I would think pinning the cloth scapular to an undergarment to be the best solution. After all, even if not visible, wearing a medal on a chain violates the “no jewelry” rule, in my opinion.

Can’t you pin it inside your clothing, so it would be out of the way, and not a safety hazard?

If you’re handy, you could sew a pocket inside your slacks or skirt or dress and store it there. What’s under your clothing is your own business.

You might want to read this directly from the carmel order:

I still would advise you to talk to a Catholic Priest if possible I would recommend a discalced Carmelite Priest but is not a must. However what is most important is that you talk about this to a priest they will help you and advise you in the best interest to God’s Kingdom. We laymembers can say anything and still be wrong.
I can tell you that I work for the government and there is not a day that goes bye without wearing my scapular. I’ve not had issues I always keep it inside, and have the right and privilage to practice my catholic faith.

The Sisters of Carmel are not affiliated with the Carmelite order. They look like Carmelites, but have no official recognition. The sisters are a renegade organization not in communion with Rome, the Bishop of Colorado Springs, and the Carmelite order. I am in a neighboring Archdiocese, we have been praying for them for a long time.

Their scapular information is very dated. Here is the latest information from the Carmelites prepared in 2000 under the direction of the North American prior provincials of the Carmelite Order and the Order of Discalced Carmelites as the Carmelite Family prepared to celebrate the 750 anniversary of the Brown Scapular.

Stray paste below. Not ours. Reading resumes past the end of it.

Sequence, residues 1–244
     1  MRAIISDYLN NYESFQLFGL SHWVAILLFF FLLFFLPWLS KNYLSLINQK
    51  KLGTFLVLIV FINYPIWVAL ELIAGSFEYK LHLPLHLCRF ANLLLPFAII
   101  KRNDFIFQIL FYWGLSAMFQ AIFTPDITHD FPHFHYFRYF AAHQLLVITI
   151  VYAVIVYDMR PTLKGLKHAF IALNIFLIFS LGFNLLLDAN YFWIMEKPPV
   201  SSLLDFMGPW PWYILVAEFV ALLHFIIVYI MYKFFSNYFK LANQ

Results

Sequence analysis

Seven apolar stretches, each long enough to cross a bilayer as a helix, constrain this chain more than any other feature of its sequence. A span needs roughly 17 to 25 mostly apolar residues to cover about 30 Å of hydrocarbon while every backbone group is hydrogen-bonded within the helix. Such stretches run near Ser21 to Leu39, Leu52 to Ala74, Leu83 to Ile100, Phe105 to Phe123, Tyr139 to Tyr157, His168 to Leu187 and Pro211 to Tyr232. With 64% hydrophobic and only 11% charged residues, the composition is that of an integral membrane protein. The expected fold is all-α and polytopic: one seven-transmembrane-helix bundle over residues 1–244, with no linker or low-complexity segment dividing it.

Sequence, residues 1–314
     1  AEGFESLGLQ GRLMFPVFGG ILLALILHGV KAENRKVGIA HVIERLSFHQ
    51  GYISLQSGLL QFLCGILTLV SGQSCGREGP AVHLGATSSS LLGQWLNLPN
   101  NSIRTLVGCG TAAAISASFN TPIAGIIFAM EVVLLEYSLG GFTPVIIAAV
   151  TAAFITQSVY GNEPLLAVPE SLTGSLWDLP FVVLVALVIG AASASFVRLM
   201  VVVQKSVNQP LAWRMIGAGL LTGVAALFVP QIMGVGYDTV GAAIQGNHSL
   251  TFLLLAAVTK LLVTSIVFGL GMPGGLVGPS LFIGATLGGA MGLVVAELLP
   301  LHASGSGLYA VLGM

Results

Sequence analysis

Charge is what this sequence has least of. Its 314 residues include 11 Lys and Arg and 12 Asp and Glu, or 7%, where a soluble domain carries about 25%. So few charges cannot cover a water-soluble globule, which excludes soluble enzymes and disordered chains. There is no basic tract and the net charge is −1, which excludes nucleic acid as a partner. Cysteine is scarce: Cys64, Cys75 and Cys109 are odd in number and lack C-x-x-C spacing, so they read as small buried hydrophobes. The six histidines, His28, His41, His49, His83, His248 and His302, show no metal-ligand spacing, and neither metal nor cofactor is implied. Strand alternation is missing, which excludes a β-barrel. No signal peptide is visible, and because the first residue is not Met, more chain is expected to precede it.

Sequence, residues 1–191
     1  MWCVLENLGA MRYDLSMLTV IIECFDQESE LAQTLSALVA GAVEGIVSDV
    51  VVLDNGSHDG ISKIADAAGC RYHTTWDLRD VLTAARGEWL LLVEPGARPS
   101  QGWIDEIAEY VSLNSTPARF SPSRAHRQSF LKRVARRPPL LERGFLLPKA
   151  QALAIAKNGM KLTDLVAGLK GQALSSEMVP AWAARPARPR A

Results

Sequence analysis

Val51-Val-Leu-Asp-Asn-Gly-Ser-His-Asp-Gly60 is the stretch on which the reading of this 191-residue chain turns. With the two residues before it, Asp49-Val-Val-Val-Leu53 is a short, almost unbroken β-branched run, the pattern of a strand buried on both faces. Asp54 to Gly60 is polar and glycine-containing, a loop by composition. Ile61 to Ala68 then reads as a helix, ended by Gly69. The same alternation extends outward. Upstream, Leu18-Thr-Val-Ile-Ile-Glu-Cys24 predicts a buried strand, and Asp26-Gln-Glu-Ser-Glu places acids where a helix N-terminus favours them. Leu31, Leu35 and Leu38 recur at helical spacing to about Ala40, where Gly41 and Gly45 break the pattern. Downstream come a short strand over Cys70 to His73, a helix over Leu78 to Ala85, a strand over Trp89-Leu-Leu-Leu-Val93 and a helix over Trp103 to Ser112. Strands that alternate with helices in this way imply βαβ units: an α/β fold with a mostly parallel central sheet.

Scapular Catechesis

I am not sure why you specify the Discalced Carmelites. I have every bit as much confidence in the O. Carm. friars as I do in the O.C.D. friars…in fact I have worked with many O. Carm. friars personally over the decades; it is they, for example, who have the Shrine of Aylesford with the relics of Saint Simon Stock; I have far fewer encounters with the O.C.D. friars, who are assuredly quite lovely friars – but the O.C.D. is not greater or lesser than the O. Carm. when one is speaking of Carmelites.

The O. Carm, chose not to adopt the reforms which emerged from Spain. They each have their respective prior general who resides in Rome, just as the different branches of the Franciscans do.

The O.C.D. run the Teresianum in Rome while the O.Carm. run the Institutum Carmelitanum which is under the auspices of the Centro Internazionale Sant’Alberto

In any event, the website you recommend involves a group which is tragically in schism.

The things they relate about the discipline of the scapular, moreover, are not correct; these changed under the Blessed Pope Paul VI and subsequently.

In any event, the website you recommend involves a group which is tragically in schism.

Eliazer, it is true that the group of Carmelite Nuns you linked to are not officially a part of the Discalced Carmelite Order. They were begun by a former SSPX priest who left the SSPX in the mid-seventies and went out on his own starting his own group in Colorado Springs. In the late eighties, he started this little group of Carmelites.